December 23: National Pfefferneuse Day

We had blogged about Mexican wedding cookies before and wanted to try the similar-looking powdery pfefferneuse cookies. Both look like little snowballs but the latter is uniquely spiced with pepper and anise and has a softer texture.

Pfefferneuse means “pepper nuts” in German, Danish and Dutch. They are traditionally served around the Feast Day of St. Nicholas (December 6) and throughout the Advent season. When we entertain guests, we put pfefferneuse on a platter with St. Nikolaas Koekjes, fruitcake cookies and white chocolate candy cane drops to offer everyone a variety of Christmas confections.

Add this recipe to your ritual of holiday baking to celebrate winter and National Pfefferneuse Day!


(Adapted from Cooking Light)


  • 1 cup flour
  • 1 teaspoon baking powder
  • ¼ teaspoon salt
  • ½ teaspoon white pepper
  • ½ teaspoon ground cinnamon
  • ½ teaspoon groung nutmeg
  • ¼ teaspoon ground cloves
  • ¼ cup (½ stick) butter, softened
  • ¼ cup sugar
  • 1 egg
  • ¼ cup milk
  • ½ teaspoon lemon peel, grated
  • ¼ cup walnuts, chopped (we used walnut chips)
  • ½ teaspoon anise seed
  • powdered sugar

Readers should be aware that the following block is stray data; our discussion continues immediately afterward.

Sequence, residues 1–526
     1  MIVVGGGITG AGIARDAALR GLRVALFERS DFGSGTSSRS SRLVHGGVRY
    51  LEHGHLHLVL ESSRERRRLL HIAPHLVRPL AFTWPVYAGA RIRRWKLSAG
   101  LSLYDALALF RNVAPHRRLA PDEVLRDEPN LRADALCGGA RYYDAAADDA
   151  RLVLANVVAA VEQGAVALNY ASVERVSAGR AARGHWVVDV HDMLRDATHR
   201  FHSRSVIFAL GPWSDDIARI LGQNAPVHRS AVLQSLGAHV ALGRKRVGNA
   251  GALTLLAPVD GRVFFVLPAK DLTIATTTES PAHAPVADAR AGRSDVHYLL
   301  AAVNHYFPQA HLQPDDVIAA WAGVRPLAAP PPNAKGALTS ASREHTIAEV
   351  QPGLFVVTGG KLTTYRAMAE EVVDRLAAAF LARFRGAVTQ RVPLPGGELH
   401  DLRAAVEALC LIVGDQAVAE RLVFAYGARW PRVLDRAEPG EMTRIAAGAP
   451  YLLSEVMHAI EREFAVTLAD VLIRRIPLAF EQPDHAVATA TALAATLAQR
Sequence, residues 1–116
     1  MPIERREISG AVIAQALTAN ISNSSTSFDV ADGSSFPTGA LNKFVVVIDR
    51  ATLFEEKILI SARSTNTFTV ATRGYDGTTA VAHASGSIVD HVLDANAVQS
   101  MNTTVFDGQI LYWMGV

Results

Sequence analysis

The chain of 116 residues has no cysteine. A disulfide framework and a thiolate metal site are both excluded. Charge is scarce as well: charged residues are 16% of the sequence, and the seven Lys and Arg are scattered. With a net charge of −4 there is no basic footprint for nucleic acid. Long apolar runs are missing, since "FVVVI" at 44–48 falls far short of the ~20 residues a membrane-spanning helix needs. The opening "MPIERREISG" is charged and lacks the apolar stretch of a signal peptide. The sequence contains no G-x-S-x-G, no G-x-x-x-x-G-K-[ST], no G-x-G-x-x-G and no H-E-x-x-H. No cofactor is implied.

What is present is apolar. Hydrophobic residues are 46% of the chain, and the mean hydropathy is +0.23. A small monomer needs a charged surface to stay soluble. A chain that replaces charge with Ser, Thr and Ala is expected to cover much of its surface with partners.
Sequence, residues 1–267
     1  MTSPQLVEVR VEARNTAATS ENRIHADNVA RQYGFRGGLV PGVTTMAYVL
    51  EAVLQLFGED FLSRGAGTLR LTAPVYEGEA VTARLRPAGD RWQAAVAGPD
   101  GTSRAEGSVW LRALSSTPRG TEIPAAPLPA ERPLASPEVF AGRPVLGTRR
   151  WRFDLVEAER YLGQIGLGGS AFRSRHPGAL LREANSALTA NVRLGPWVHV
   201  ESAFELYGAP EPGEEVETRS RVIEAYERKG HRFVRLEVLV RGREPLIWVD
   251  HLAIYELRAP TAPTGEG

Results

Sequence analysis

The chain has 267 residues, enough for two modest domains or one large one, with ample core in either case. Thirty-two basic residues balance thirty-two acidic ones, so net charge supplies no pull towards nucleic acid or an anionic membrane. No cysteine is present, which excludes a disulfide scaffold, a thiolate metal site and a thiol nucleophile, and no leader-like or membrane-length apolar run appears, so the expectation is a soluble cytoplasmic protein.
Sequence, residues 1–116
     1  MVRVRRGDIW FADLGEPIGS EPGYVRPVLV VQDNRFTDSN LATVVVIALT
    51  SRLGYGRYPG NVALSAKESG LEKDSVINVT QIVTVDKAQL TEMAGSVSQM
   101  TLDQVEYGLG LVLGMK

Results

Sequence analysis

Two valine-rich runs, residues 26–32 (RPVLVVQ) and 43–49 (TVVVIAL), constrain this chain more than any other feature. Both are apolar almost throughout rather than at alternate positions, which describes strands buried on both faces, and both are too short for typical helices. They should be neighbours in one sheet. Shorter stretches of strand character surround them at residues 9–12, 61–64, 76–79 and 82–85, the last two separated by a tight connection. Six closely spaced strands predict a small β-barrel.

In a bowl, combine the flour, baking powder, salt, white pepper, cinnamon, nutmeg and cloves. Set aside. In a mixer or another bowl, cream the butter with the sugar. Beat in the egg. Stir in the milk until smooth.


Add the grated lemon peel. Gradually add the flour mixture and blend well. Fold in the walnuts and anise seed.


Roll into one-inch balls. Place about two-inches apart on a lightly greased baking sheet lined with foil. Bake in a preheated oven at 350 degrees F for 15 minutes. Remove from the oven and cool slightly on wire racks. While still warm, roll the cookies in powdered sugar. Yield: Approximately 3 dozen.



  • Pfefferneuse is also spelled as pfeffernüsse (German) and known as pebernødder (Danish) and pepernoten (Dutch).
  • Search our blog for other cookie recipes.